2. Well, according to the latest THE rankings (see there are already 6 Australian universities in the top 100. This includes 6 of the G8 institutions, with the remaining 2 located in the top 200 of that particular ranking. For all I can see universities here HAVE already joined the rat race and it is not clear to me that they have much of a choice. Like it or not, these rankings impact institutional reputation and drive much of the student recruiting (see here and here, see also the reviews of that book that are linked on that page, and Hazelkorn’s Chronicle article). The fact is that Aussie universities are majorly dependent on the funding that foreign students contribute. That’s why universities joined this particular rat race quite a while ago. It is, after all, the high percentage of foreign students in those universities that allows for the cross-subsidization of domestic graduate and undergraduate teaching as well as of research (the latter typically feeding straight into the rankings). Cross-subsidization of managerialism, too. See Paul’s recent blog entry.

    While I agree that the discussion that you propose is necessary, I fear it’s too late to have academic arguments about the desirability of it all, and for that matter about academic self-governance, academic managerialism, academic freedom, the public purpose of education, and what not. The train has (long) left the station.

    • I wonder about this effect of rankings. I am not sure. For one, you have big numbers in low-ranked inner-city universities by overseas students who could have chosen to go elsewhere in the same city so there must be something else going on than a single ranking. What is also striking is that the ANU is often cited by the Chinese students I talk to as the best place in Australia, but yet there are so few of them there. I thus suspect many students come for the lifestyle, the Visa, and a relatively easy degree, with rankings being low down the list (they have already given up on those). The number of students you get is then more a function of your efforts to recruit them. Overseas visitation efforts are big.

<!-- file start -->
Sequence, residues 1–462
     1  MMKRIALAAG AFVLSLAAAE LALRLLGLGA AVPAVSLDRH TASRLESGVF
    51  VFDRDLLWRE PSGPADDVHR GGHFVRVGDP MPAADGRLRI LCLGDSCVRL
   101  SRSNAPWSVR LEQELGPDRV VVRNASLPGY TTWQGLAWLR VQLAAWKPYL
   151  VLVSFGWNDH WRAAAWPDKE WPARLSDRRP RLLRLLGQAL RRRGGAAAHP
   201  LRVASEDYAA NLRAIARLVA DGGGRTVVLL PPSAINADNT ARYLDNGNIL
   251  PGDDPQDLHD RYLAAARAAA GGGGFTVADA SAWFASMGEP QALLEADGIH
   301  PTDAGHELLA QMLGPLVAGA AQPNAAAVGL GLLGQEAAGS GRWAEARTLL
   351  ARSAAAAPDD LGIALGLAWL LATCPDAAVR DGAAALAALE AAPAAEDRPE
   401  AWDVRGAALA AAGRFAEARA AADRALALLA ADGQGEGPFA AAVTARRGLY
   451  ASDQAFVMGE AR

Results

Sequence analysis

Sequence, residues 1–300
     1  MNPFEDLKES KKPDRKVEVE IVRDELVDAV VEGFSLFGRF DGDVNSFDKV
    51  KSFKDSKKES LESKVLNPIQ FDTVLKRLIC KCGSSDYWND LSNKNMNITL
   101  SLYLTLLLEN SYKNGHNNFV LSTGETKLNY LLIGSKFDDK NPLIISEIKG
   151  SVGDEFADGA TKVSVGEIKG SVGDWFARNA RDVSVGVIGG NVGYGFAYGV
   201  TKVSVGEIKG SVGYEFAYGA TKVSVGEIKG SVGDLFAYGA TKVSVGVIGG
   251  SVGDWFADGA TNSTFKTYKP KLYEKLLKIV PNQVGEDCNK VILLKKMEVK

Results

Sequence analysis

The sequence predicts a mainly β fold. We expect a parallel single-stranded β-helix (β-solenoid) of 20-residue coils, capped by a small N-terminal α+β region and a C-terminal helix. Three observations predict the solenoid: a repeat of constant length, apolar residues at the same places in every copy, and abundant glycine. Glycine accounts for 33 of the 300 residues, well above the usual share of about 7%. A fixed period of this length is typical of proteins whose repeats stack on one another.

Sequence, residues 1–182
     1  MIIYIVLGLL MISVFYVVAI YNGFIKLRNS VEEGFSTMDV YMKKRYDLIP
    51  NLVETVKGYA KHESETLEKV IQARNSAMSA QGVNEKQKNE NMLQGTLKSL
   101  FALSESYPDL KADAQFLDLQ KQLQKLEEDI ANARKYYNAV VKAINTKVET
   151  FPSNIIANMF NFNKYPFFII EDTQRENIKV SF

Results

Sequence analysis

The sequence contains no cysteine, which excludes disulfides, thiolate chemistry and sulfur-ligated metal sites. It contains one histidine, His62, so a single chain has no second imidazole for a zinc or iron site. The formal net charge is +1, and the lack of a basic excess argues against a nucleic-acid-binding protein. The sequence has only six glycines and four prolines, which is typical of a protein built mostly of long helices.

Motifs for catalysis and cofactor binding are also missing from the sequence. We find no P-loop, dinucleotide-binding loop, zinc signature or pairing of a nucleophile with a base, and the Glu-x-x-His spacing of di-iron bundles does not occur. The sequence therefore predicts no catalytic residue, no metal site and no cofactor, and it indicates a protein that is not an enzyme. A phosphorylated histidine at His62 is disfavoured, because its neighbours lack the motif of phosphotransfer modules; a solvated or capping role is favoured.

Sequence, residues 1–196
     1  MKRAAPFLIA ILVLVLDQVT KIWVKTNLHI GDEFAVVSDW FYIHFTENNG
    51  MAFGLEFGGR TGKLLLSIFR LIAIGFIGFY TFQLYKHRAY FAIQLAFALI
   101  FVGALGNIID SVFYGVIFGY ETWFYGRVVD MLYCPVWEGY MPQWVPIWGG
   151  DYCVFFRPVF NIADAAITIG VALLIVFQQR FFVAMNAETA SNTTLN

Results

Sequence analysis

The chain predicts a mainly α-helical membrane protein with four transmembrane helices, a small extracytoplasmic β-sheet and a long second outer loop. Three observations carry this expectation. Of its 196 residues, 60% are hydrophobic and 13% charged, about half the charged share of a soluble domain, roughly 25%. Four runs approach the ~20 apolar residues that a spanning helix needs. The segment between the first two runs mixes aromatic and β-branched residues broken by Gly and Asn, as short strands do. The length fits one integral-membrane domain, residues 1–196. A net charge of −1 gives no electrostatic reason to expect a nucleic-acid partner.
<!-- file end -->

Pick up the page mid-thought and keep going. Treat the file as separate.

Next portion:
Yet, there is a huge game going on with all those various accreditations. Every university is top of something and advertises it. Its a bogus game that takes up lots of resources, but most universities play it. That must have a reason.

      • Well, according to Hazelkorn and the authors of the other study I linked to that is the game that is being played. And, notwithstanding the fact that all kinds of motivations go into these decisions (and that lifestyle considerations are among them), from my own observations that is a significant part of the explanation But even if it weren’t: As long as university administrators believe that is the game that is being played that will be the game being played. And it seems pretty self-evident (by way of Australian universities’ ascent in the THE rankings, for example) that administrators believe they play it.

        • I had a look at some of the reviews of Hazelkorn’s book. Nothing major to disagree with in them (although the arguments about inter-disciplinary stuff is same the old worn-out tune), but she seems to have no evidence of student numbers in Australia moving because of rankings.

          It is clear that administrators care about these rankings and see them as a visible measure of their own performance. Indeed, that dynamic has been very good for economics in this country. The bigger question whether these rankings have helped universities (or Australia as a whole) attract foreign students is much more important and unanswered.

          • Agreed. It’s hard to answer this bigger question since it is not easy to assert the counterfactual. Enrollment growth of foreign student over the past decade could provide some indication. After all, as Hazelkorn somewhere points out, the relevant pool of students that we are talking about has just 3 or 4 million students internationally and probably has not grown that much. Anyways, yes, an interesting question.